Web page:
Brighton and Hove planners approve turning Hippodrome into multiplex cinema
Planning permission has been given to convert the Hippodrome in Brighton into an eight-screen cinema.
The site will also include four cafés or restaurants and a separate shop on the ground floor of a new three-storey office building.
While the old fly tower would be demolished, the applicant, Kuig Property Investments, has agreed to carry out restoration work to other parts of the inside and outside of the Hippodrome.
The decision was made by the Brighton and Hove City Council Planning Committee at Hove Town Hall this afternoon (Wednesday 16 July).
The Planning Committee also gave “listed building consent” but this decision could be called in by the Communities and Local Government Secretary Eric Pickles.
Thousands of people signed a petition objecting to the proposed changes to the grade II* listed building and more than 150 wrote letters of objection.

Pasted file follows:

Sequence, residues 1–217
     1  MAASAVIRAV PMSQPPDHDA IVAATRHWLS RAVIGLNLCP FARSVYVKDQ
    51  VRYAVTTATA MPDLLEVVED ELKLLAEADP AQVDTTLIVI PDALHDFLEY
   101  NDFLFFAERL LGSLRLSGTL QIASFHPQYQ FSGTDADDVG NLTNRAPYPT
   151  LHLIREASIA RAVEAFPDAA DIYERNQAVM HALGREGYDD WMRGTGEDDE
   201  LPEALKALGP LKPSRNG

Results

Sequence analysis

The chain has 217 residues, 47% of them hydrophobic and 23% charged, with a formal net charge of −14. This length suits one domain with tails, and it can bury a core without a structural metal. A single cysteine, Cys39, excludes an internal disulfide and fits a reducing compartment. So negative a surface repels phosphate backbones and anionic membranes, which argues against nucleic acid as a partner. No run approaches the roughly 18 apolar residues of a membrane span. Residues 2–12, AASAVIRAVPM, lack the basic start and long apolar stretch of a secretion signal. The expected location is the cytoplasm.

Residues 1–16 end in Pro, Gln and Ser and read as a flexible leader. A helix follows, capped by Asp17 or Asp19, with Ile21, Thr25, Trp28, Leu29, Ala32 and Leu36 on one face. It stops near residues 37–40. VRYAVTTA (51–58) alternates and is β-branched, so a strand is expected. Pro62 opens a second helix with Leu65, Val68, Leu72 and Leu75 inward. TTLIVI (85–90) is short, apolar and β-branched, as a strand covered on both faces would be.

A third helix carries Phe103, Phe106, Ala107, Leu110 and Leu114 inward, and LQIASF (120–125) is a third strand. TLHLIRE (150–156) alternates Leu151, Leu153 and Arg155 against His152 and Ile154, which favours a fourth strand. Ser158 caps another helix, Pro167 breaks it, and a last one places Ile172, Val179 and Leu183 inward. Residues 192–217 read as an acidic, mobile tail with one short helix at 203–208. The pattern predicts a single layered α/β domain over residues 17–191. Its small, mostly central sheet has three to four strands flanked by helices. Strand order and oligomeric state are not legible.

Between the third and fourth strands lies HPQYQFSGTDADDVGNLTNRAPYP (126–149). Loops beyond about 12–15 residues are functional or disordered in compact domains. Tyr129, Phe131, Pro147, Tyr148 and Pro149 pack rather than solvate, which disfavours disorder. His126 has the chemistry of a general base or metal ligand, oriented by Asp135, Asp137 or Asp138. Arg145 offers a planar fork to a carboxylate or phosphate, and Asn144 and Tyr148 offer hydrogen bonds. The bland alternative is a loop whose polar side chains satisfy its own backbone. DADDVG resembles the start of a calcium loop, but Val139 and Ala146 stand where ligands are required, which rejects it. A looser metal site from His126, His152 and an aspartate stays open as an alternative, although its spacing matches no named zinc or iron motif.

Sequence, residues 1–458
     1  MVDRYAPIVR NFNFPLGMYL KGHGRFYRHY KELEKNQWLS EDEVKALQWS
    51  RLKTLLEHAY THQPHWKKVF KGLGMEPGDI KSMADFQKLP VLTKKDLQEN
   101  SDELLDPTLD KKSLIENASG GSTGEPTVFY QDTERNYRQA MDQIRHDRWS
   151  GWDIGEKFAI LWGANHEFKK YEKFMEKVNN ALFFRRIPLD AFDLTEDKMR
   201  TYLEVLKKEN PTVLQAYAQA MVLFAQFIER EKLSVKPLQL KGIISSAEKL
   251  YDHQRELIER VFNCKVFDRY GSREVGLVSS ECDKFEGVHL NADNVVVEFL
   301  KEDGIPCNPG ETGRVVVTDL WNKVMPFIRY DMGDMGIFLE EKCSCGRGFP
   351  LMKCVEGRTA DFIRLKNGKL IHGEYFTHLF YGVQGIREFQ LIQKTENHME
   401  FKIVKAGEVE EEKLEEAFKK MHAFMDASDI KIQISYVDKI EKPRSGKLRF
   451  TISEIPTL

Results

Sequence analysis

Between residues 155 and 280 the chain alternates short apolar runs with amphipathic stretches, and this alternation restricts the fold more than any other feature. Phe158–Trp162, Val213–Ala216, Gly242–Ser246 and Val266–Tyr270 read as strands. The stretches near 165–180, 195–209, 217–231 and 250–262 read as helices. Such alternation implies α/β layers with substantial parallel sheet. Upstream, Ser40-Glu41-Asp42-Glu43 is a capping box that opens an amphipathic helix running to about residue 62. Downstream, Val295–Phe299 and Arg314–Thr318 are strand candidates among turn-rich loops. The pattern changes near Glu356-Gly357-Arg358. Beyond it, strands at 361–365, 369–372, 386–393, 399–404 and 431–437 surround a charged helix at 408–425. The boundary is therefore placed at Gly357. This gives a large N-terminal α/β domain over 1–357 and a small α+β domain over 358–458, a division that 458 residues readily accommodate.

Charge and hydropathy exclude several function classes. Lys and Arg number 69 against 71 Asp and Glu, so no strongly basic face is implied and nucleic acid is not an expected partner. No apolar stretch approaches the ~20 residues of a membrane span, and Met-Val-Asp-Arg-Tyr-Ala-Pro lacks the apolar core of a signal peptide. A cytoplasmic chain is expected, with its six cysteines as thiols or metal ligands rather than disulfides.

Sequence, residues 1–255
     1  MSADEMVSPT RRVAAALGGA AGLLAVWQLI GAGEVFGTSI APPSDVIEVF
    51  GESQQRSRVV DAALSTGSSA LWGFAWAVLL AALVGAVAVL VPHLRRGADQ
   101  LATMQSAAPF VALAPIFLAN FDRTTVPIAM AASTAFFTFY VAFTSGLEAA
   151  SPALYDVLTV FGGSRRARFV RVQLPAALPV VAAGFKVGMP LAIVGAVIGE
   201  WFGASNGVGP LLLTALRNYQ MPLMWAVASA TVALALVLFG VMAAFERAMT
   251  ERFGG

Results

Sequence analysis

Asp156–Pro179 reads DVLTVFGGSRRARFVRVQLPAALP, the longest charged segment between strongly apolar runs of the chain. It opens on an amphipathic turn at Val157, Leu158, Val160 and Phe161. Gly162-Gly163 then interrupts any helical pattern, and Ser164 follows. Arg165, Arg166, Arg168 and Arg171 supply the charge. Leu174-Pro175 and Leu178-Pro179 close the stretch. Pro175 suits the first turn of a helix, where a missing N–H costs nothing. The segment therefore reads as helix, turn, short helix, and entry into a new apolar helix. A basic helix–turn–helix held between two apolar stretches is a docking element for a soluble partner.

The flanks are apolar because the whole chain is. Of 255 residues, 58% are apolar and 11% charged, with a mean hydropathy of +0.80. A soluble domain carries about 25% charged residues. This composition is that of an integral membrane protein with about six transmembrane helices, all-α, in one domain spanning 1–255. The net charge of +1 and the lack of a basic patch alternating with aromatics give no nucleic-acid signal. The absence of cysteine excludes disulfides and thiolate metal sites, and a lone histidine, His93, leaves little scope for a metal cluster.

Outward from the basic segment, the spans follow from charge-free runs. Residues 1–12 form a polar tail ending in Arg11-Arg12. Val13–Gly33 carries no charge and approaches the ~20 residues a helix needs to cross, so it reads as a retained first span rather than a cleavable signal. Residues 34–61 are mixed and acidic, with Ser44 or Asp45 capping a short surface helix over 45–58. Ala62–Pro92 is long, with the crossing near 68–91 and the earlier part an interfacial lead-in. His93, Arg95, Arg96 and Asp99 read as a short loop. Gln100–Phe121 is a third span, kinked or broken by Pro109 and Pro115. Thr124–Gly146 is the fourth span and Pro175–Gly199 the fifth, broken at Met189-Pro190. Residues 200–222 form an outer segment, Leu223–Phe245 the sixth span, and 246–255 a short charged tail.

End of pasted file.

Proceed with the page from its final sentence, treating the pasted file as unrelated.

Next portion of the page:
Many wanted the building returned to use as a theatre although the applicants pointed out that it hadn’t been a theatre since 1965 when it became a bingo hall.
Simon Neate, of Indigo Planning, spoke for the applicant. He pointed out that the Hippodrome was originally built as an ice rink and had also been used as a circus.
Mr Neate also said that no one had come up with a funded proposal to return the building to use as a theatre.
A council planning official said that restoration costs were estimated to be between £15 million and £18 million.
Mr Neate also said that the independent district valuer had assessed the cinema proposal and found it to be viable.
He also said that a cinema operator was ready in the wings to run the planned multiplex.
Planning official Adrian Smith said that he had met campaigners. They had not been able to show that they could raise the millions of pounds needed to turn the Hippodrome back into a theatre.
They had provided no costings, no business model and no evidence of being able to obtain funding.
Mr Smith said that the proposed cinema would be the use that would cause the least harm to the heritage.
Eight of the twelve members of the Planning Committee voted in favour of the plans.